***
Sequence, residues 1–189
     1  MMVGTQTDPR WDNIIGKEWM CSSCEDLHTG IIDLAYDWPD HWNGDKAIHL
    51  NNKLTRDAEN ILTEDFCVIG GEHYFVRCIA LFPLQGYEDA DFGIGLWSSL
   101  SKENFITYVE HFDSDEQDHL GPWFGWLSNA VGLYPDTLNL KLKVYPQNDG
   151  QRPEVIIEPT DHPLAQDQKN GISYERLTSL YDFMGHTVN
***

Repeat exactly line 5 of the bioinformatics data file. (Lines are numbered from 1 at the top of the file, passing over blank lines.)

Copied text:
   151  QRPEVIIEPT DHPLAQDQKN GISYERLTSL YDFMGHTVN